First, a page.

Just how completely does Bill O’Reilly rule the corridors of Fox News? We found out this morning on the set of Fox & Friends, which welcomed the “O’Reilly Factor” host to discuss New York City Mayor Michael Bloomberg’s soft drink-regulation initiative, among other items. Here’s some transcript from this morning’s edition:
O’REILLY: I understand the overarch that we have a serious problem in this country with obesity. And you know ... I’m a big personal freedom guy. If you want to look a certain way or you want to consume a beverage or eat a food, you should be able to. However, we have to pay — all the taxpayers — have to pay for an enormous amount of medical procedures in this country, most of which are driven by bad diet. I actually changed my diet. I’m not going to, you know, get into this.
Then he proceeds to get into this:
O’REILLY: But I actually knocked out all the wheat in my diet. All right? And I’m telling you, the difference is amazing. I was never chubby, but a lot like allergies stopped. Stomach — except when I have to come on here — stomachaches stopped. All of that — because I just knocked out the wheat. But if you look in your cabinet, everything is wheat. Everything.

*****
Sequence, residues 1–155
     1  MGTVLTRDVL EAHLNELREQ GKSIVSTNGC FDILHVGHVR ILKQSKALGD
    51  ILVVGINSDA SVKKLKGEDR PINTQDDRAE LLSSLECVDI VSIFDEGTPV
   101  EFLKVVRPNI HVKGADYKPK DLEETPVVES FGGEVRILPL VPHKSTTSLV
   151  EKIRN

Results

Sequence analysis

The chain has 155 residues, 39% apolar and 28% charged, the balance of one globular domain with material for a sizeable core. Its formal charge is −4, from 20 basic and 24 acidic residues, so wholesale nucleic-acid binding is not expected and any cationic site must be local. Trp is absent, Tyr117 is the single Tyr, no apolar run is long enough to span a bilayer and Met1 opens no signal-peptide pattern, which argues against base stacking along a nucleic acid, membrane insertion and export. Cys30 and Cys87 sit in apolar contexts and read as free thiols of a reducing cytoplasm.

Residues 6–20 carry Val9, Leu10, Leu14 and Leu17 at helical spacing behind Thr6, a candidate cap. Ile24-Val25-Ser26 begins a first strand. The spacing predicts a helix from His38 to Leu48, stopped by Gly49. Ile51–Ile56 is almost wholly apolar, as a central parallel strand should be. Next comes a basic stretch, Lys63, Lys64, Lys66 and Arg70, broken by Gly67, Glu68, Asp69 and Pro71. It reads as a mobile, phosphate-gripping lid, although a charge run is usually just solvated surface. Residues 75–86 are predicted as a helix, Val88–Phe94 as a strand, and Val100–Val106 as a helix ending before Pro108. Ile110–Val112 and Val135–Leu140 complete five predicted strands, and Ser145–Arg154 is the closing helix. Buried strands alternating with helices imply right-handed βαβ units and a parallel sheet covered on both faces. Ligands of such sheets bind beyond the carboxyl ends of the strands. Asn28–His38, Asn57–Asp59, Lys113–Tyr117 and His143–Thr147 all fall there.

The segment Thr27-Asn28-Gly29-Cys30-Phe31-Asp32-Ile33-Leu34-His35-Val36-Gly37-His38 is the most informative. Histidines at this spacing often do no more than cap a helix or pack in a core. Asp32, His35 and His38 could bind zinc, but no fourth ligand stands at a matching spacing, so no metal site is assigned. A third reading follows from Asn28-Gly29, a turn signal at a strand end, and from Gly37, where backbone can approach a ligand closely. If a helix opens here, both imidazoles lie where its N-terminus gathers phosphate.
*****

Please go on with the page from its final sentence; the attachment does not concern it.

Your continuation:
At this point, “Fox & Friends” co-anchor Steve Doocy interrupts O’Reilly to inject the “Fox & Friends” platform on anti-obesity activism:
DOOCY: So, you took personal responsibility.
O’REILLY: Yes, yes, yes. But what Bloomberg — the message is. It’s OK to have a good time and comfort food. But if you overdo it, everyone’s going to have to pay for it. It’s like smoking, everyone’s going to have to pay.
And with that, the “Fox & Friends” team essentially shrugged. Gretchen Carlson did mount a bit of a challenge, asking, “Where does it stop?” Had just about any other guest issued such an endorsement of the nanny state, Fox’s early-morning trio would have put him in their Fryolator.
Sounds as if my friends at “Fox & Friends” need a pep talk, so here goes: Where are your founding principles, “Fox & Friends”? Where are your core values? Have you no recollection of your heritage, your history of slamming fast-food outlets for making their offerings more healthy? Of decrying excessive government regulation every time it rears its anti-American head? Get it together, “Friends.” Anyone who comes on your show claiming that any governmental entity can play any role whatsoever against obesity — shove it down his or her throat. Tomorrow morning, sit back down on that butterscotch-ish half-moon couch and get back to what’s made you great.